Sindhudurg – The Sea Fort

I recently visited a small village called Tarkali, situated on the coasts of The Arabian Sea in the State of Maharashtra. Apart from the beautiful beach, this places offers an architectural beauty Sidhudurg Fort which is situated towards the north of Tarkali.

Sindhudurg, literally meaning Fort in the sea was built on a rocky island , just off the coast of Malvan, Maharashtra. This ancient fortress was built by Chattrapati Shivaji during the 16th century and is spread over 48 acres with a 3 km long rampart. The construction of this fortress indicates the strategic brilliance and foresightedness of King Shivaji, who made this to counter the rising influence of foreign colonizers (The English, Dutch, French and Portuguese merchants).

Chandralekha-scariest ferry ride with 20 people

A 15 minute ferry ride from the boat jetty in Malvan to Khurte Island costs Rs.50/- per person. Note of caution: be prepared to rock the waves in an overcrowded ferry with no life jackets, you might skip a beat inbetween. As you approach the fort, the gigantic structure looks like a battleship with waves of the Arabian Sea crashing all over the walls. This imposing citadel was built in 1664 and took 3 years to be completed under the supervision of Hiroji Indulkar.

Some data from the internet along with the stories shared by locals there, brought forth many interesting facts regarding the construction of the fort. The idea of making a fort on an island to keep the enemies at bay and to fortify the defence in the coastal area was in itself was incredible. Then came the engineering part of it … Considering the direction of wind and rain forces, work started but collapsed, after which 181.5 kgs of lead was used in the castings and foundation of the walls. There was usage of lime in layers between each boulder to intensify the toughness of the walls and the heights of the walls were raised depending on the strength of the winds. The walls of the fort are 9.1 m high and 3.7 m thick and the total circumference of the fort is about 4 km.

Entry to the fort

Next in line were the strategies used while planning the construction. The entry to the fort was so inconspicuous that no one would know the entrance from outside making it a difficult task for the enemies.

There were 42 bastions over the towering 30 feet walls and to beat the force of the waves, King Shivaji had constructed 3 mighty defence walls parallel to the foundation of fort. They say there was also a secret tunnel underneath one of the temples which led to a nearby village under the sea, to ensure escape during emergencies.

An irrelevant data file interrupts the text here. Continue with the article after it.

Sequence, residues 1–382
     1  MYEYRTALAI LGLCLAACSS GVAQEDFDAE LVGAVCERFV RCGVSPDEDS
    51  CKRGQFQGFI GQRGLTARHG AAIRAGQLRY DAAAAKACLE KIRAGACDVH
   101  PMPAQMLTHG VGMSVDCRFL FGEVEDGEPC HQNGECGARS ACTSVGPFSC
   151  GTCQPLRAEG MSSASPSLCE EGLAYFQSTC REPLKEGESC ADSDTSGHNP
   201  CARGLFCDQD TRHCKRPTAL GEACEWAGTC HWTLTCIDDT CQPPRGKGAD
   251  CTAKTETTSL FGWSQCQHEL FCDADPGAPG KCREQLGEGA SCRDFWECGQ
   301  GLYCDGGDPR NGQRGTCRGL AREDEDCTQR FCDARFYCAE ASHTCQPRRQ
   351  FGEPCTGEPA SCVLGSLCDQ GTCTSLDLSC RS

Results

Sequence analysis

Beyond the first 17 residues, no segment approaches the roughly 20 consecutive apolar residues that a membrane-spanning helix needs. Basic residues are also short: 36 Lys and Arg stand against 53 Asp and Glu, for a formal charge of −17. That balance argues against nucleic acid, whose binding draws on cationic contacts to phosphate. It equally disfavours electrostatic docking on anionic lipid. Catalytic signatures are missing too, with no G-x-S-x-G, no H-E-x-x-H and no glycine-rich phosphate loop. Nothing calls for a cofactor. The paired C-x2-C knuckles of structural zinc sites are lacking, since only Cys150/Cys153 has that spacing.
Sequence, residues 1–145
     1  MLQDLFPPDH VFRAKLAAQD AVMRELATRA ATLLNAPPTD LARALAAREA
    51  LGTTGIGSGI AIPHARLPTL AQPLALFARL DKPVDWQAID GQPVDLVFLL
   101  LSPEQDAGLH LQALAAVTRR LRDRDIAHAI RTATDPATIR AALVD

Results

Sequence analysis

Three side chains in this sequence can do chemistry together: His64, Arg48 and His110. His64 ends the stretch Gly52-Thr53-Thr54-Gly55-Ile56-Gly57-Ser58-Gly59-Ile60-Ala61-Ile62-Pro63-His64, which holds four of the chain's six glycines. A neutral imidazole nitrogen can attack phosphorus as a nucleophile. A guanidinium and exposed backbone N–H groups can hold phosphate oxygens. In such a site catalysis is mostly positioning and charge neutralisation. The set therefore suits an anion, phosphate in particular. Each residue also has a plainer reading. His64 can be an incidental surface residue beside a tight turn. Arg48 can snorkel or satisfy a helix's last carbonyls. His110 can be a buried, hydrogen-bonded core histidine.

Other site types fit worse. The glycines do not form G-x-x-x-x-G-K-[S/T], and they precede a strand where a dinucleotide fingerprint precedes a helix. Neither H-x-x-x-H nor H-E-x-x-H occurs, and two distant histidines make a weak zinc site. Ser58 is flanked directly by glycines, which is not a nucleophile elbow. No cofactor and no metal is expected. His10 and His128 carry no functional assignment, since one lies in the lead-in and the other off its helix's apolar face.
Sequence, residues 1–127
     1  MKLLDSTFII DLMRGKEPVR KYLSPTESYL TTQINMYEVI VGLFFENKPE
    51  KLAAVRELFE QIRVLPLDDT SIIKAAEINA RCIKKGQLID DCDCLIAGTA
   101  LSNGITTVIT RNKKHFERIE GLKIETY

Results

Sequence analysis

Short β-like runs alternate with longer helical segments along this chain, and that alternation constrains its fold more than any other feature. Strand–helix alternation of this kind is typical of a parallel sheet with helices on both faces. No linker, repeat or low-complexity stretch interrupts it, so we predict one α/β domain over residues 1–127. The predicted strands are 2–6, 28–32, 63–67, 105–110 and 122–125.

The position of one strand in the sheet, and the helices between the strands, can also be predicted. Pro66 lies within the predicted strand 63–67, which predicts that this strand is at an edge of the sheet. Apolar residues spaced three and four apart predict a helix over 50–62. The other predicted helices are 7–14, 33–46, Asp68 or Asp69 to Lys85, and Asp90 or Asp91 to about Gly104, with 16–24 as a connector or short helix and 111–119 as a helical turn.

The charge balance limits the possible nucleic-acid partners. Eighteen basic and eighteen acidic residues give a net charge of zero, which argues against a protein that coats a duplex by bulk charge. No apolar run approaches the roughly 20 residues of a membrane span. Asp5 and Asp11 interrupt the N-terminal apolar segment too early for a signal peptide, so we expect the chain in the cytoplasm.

Despite being surrounded by  the sea there are four sweet water wells in the fort( nature’s miracle). Three of them are known as Dudh Bav (Milk Well), Dahi Bav (Curd Well) & Sakhar Bav (Sugar well). There are several temples inside the complex but one of them is very unique as its has an idol of King Shivaji without beard & moustache. This is one of its type found all over the country and was created by his son King Rajaram. Another prized relic found here is the foot and hand imprints of Chhatrapati Shivaji, preserved in a slab of dry lime on one of the turrets above the entrance.

As I climbed up the steep stairs and stood at the top of the fort viewing the sea, the sense of awe settled in. Examining the turrets which were used to fire cannons and rifles , unfolded the revolutionary mind-set of its engineer. The breeze was so strong that I was getting unstable at times, so imagine the strength of this fort, which stood against such strong winds for the past 351 years?

View atop the fort

Outlets from where soldier fired

The mighty defense walls

how soldiers kept an eye on approaching enemies

Turrets for canons

Steep Stairs

Temple at the entry

 

 

 

 

 

 

Robust structure weathering wind,rain & sea

View of the vastness of the sea from the tiny opening   

Pride

another angle of the fort

Kokum drink- Cooler

I would have spent some more time inside the fort and also on the Island but unfortunately we were allowed only an hour in the island. Despite being winters, it was hot and on our way back we had fresh Kokum juice to quench thirst and returned to the jetty where our boat Chandralekha waited for us. The ride back was equally scary but this time my mind was engrossed with the thoughts about the fort and its architectural beauty.

still standing tall

It saddened me to see such a historic structure in a dilapidated condition. Although it has been declared as a protected monument, yet it is in ruins. This structure from the glorified past owes a little more respect by the Government authorities in maintaining it.

 

 

“Don’t let the mind limit ,what an able heart can do” – ROBERT M.HENSEL

Leave a Reply

Your email address will not be published. Required fields are marked *